You may have seen our hospital cat, Pancake, featured on social media. But did you know she came from a local shelter? Our MountainView team went to volunteer at the Randolph Animal Shelter several years ago, and we were told Pancake was a young cat who had kidney disease and was not very social. The team did not need to hear anymore and Pancake was brought to live with us at MountainView! She receives subcutaneous fluids daily to help her kidney disease. After living at our hospital for some time she was also diagnosed with kitty asthma and is also being treated daily with an inhaler.
Felicia was an adult raccoon who presented with difficulty walking due to pain or injury in the rear legs. She was sedated for radiographs of the pelvis and stifles, which possibly indicated some issues with her knees, but fortunately did not indicate any fractures. After some weeks of physical therapy, regular meals, and medication for pain, antibiotics, and treatment for parasites, Felicia was able to be released back into the wild. In this photo she is happily munching on some carrots while her radiographs are under review.
Kit K. is a beloved middle-aged cat. She wasn’t doing quite right and the owner brought her in. She had a softball-sized abscess in her mammary tissue. Dr. Boggier performed a surgery to remove this, and had to revise the original surgery due to excessive swelling and draining because of the location and how deep the infection was. As a result, Kit had to be hospitalized and kept on IV fluids and medication. The owner was not able to afford a large part of this treatment and MountainView picked up those treatment costs.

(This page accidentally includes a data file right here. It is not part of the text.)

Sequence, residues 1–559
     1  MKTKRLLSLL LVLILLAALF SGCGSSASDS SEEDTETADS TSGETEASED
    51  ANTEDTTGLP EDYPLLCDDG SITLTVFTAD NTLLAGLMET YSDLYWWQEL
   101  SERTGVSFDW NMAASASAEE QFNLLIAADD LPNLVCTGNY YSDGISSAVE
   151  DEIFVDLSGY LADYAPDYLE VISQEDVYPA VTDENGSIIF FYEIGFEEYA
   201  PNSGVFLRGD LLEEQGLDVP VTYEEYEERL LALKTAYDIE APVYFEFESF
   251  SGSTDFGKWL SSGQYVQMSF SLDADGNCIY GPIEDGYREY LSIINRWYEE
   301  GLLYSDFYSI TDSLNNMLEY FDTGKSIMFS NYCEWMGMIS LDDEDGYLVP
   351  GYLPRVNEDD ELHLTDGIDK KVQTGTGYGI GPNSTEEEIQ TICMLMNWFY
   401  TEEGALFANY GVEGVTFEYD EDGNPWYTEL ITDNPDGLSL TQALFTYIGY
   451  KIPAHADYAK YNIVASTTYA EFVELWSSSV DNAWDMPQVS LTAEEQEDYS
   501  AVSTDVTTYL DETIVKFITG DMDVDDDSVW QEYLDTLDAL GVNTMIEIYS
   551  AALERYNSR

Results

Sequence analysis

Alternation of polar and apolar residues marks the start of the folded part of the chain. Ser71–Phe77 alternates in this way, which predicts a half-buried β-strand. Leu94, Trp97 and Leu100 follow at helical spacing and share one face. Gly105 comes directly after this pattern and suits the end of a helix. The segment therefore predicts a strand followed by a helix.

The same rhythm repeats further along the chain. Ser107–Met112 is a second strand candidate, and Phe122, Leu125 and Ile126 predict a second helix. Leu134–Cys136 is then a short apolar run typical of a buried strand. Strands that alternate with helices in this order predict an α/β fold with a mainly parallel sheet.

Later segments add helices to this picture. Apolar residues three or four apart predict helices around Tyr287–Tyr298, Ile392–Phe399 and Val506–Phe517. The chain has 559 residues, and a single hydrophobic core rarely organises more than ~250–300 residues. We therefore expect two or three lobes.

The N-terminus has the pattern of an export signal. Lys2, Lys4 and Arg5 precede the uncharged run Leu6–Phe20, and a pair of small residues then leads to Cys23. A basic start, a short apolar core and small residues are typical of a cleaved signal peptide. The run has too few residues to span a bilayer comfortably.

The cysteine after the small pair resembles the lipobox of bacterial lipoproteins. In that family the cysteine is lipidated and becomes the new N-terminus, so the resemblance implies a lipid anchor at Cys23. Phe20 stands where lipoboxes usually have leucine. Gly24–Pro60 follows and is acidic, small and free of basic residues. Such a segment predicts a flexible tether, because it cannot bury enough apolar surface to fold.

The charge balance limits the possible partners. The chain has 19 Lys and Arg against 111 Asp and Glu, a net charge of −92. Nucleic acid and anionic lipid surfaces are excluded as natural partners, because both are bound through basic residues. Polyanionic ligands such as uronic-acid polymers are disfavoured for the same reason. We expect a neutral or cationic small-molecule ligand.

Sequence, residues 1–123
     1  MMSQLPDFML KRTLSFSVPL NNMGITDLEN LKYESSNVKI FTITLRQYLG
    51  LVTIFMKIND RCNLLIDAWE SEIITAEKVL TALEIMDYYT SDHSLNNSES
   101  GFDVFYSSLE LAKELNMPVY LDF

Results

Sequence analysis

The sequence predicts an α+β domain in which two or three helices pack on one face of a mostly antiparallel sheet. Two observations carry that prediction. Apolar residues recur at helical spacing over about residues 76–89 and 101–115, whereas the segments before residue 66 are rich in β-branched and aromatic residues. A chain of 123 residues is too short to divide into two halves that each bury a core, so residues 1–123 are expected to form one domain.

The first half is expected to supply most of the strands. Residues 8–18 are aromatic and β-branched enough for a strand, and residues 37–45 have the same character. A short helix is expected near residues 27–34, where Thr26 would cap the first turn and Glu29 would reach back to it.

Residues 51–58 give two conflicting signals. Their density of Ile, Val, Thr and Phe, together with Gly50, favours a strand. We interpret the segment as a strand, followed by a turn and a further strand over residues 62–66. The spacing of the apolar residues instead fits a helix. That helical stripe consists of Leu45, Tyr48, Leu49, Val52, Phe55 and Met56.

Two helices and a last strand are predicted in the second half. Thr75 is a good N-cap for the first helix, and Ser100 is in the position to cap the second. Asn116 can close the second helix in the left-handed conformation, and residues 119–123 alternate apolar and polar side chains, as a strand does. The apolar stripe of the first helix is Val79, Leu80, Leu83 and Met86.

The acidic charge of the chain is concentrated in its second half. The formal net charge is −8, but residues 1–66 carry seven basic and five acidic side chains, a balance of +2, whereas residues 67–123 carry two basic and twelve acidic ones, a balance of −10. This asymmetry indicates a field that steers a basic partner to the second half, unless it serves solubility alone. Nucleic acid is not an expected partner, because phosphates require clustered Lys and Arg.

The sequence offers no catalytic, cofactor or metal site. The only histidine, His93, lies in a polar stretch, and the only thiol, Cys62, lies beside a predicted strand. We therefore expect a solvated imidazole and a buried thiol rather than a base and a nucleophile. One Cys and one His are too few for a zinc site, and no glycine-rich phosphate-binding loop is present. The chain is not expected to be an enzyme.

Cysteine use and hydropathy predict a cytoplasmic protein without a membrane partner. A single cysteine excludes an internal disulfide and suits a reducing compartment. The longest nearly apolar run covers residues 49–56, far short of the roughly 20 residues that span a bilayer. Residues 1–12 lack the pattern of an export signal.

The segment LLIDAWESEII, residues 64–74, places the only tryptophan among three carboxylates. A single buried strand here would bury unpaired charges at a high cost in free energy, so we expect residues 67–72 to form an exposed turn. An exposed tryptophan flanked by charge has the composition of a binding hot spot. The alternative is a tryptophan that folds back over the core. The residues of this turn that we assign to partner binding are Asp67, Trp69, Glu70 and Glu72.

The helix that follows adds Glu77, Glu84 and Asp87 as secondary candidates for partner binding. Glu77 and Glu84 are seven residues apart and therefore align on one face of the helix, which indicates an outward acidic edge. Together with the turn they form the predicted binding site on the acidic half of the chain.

These two kittens were extremely sick and flea-bitten when coming to us from an animal control officer. They required isolation and intensive care for upper respiratory infections that kittens are susceptible to when they have endured difficult circumstances and their immune system is weakened. As you can see from this photo, the little guy in the foreground had to be given IV fluid therapy, as well as antibiotics and eye medication. Kittens that are this young and sick need round the clock monitoring and milk replacement feedings. With intensive care, these kittens were able to be transferred to animal control until they were old enough and well enough to find their forever home.